The government should consider pausing the return of university students with thousands of students already isolating amid Covid outbreaks, Labour has said.
Shadow education secretary Kate Green said the start of term should be delayed while an “effective, efficient testing system” is put in place.
Students have returned to many UK universities, with most having already started term or due to begin on Monday.
The Department for Education said it was working closely with universities.
Ms Green said Labour was concerned about the mental health impacts of students being isolated away from home and said all students should be given the option of remote learning.
She told BBC Breakfast: “We do think it is important that students have a choice. If they feel they are going to be safer at home then they should be able to stay at home and conduct their learning remotely.”
Ms Green also asked the government to promise students would be allowed home for Christmas as it would be “unthinkable” that they could be locked in their halls and unable to see families, although she said “public health considerations” should always come first.
But Amanda Milling, Co-Chairman of the Conservative Party said there were “no plans” to keep students at university over Christmas.
“Labour is deliberately creating unnecessary stress for young people to score political points,” she said.
Earlier this week, Health Secretary Matt Hancock refused to rule out banning students from returning home at Christmas, and scientific adviser Sir Mark Walport also warned some might have to stay on campus.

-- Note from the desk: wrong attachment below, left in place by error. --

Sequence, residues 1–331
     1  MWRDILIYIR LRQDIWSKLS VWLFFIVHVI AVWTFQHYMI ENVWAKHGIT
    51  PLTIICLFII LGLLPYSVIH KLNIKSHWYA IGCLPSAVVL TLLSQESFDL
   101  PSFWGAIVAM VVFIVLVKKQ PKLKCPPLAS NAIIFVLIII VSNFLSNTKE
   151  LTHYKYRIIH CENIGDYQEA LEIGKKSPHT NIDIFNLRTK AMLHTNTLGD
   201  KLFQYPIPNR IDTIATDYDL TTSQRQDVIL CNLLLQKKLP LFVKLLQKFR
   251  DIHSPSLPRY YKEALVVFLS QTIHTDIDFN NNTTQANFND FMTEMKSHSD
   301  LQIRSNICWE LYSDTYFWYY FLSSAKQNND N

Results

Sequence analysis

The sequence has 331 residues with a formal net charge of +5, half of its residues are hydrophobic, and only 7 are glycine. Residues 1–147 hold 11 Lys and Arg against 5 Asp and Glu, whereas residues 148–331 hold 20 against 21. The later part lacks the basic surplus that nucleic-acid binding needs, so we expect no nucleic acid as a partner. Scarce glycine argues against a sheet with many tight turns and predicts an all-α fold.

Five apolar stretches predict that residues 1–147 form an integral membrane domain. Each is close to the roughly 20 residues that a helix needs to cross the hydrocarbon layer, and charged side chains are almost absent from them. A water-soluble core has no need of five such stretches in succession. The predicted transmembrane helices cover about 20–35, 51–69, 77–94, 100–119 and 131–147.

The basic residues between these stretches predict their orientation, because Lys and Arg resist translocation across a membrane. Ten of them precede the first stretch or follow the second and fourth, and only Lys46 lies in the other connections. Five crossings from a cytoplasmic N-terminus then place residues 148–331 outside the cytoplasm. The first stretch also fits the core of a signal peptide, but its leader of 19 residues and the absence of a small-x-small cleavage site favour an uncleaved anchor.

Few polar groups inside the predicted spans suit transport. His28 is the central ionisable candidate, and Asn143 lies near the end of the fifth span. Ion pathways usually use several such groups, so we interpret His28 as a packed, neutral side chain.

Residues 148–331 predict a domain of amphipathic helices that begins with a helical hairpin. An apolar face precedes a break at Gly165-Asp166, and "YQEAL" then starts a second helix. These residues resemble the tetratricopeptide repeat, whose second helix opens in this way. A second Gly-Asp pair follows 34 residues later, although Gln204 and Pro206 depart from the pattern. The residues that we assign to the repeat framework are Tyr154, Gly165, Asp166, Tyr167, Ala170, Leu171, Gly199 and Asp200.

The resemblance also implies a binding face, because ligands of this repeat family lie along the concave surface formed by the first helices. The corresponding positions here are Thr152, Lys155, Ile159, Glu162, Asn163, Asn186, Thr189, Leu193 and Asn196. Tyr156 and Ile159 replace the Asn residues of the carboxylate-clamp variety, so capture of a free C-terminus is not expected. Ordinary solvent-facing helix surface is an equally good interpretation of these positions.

About 3,000 students are currently in lockdown at universities from Dundee to Exeter, the Conservative chairman of the Commons education select committee Robert Halfon said.
They include up to 1,700 students at Manchester Metropolitan University – where students say they are being prevented from leaving by security guards and police.
Many students have expressed worry and confusion about the situation, with one saying they had “been left completely in the dark”.
Prof Mark Woolhouse, professor of infectious disease epidemiology at the University of Edinburgh, said the situation was “entirely predictable”.
“Students didn’t start this current phase of the epidemic, this began way back in August, and the students just got caught up in it,” he said.
In a letter to Education Secretary Gavin Williamson, Ms Green accused the government of failing to prepare for the likelihood that the virus could spread among students and said it was “deeply distressing” students would not get “the university experience they deserve”.
The government had “let young people down with the exam fiasco over the summer, and now many of those same students are being let down again”, she said.
‘We had no warning’
Manchester Met said it had introduced a 14-day self-isolation period at its accommodation at Birley and Cambridge Halls after 127 students tested positive for the virus.
Joe Byrne, a first-year student there, said students had been “left completely in the dark” and “practically locked up against our will”.
Another student, Megan Tingey said she was not contacted by the university about the lockdown before police turned up outside her accommodation.